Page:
Butterfly and Moth Scales 

Some simple notes for beginners 

By Paul James (UK)


 Butterfly and Moth scales were amongst the many curiosities that I saw through my first microscope. The butterfly of course must rank as one of the most beautiful creatures that is known to us all. It is a little too large to put under a compound microscope as such, but its wings, which appear so colourful and delicate, are exquisitely complex structures which the stereo microscope can reveal in full measure.

A Word of Advice :- Please do not capture and kill a butterfly or moth just to observe its wings etc. Dead examples can often be found. When you do find one try to handle it carefully so its structures are preserved, and keep it in a container, away from sunlight and dust for it will keep for a very long time.
 
  


Here are the remains of a Peacock butterfly I found at the roadside. Compare it with the drawing on the right.

Only two main wings remain on the right side, and of course all the colourful patterns of this pretty creature are nearly all preserved. I have put a white 'O' over the part of the wing that I have photographed through the microscope using a hand held digicam. The microscope is a simple one that can be bought secondhand for a few pounds.

Demonstrating that we can get results using this simple and easy technique will hopefully encourage the beginner to combine photography with microscopy.
 


These are the scales on the wing of a Peacock butterfly inside the 'O' shown above. This light patch is a 'dot' on the wing when seen by eye. There are approximately 375 scales in this image, and since the real area of this is about 1.8 square millimetres, it makes the total for all the wing surfaces at roughly 750,000 scales! Some butterflies have well over a million scales. If you were making some permanent slides and used about 100 scales per slide, you'd be able to make 7,500 mounted slides from one butterfly's remains!
 

This photo above is the same one as before but cropped from an enlargement in the PC. It's a bit grainy but shows the wrinkly bottom edges of each scale, and also too the iridescence on the lighter ones. Roofing slates are laid in a similar way.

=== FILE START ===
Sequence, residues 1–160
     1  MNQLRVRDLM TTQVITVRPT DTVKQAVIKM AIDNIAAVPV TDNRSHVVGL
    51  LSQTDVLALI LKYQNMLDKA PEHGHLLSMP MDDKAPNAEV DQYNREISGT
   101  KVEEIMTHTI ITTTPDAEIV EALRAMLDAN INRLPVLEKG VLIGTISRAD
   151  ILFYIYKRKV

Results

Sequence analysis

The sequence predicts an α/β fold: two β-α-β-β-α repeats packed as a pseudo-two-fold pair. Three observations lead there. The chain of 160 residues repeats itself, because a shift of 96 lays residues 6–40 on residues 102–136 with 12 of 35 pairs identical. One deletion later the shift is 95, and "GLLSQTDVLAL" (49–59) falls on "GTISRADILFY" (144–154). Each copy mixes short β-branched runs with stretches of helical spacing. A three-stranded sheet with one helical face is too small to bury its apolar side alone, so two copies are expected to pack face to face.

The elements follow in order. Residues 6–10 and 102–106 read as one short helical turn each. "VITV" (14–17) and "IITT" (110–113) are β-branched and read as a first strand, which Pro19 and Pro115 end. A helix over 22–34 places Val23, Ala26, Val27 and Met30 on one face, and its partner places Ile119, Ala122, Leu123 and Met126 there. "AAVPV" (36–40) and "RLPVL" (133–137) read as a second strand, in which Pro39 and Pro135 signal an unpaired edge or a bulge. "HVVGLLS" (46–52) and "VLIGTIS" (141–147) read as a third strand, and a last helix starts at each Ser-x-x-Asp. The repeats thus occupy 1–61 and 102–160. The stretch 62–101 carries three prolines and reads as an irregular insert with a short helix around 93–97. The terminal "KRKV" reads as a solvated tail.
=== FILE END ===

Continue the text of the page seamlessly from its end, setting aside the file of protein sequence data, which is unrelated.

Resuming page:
These photo's above and below were taken to show the sockets that the scales fit into, where some scales have fallen off. Note the transparency of the wing membrane below. It looks like polythene sheeting, it is so thin.
 

This photo above is of the same area but the image was taken with transmitted light. The sockets are clearly visible, but the scales look a different colour. This is the nature of light in microscopy and is one of many factors you will be aware of as you become more experienced with reflected and transmitted light techniques.
 

The scales differ in shape too, some having no lobes, others up to 3 or 4 or 5 as seen above. Some show spiky lobes and are quite long and narrow, others broader.
 

This image has been greyscaled to reduce download time. It shows the intricate detail of the butterfly's scales which are very thin, yet immensely stiff for its weight. It is a non lobed example from a prepared slide of the Red Admiral butterfly. The stalk is clearly shown. The markings are present on most scales and some actually split up the light that reflects off them into different colours, causing the butterfly to appear even more colourful.

Finally, after observing these rather delicate structures, some questions might cross your mind....."Why are these scales necessary on the wing's surface?"......"Why are they coloured?"......... and perhaps after seeing them for yourself you might wonder how all this could possibly be created inside the pupa (chrysalis), in a matter of a few days or weeks.

Good questions, and even if you do not know the answers, it does not prevent you from appreciating one of nature's most beautiful creatures. It is far more important however that we protect their environment, and if you are interested in butterfly and moth conservation write to 'Butterfly Conservation' PO Box 222, Dedham, Colchester, Essex CO7 6EY.
 


 
All comments to the author Paul James are welcome

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Published in the May 2003 edition of Micscape Magazine.

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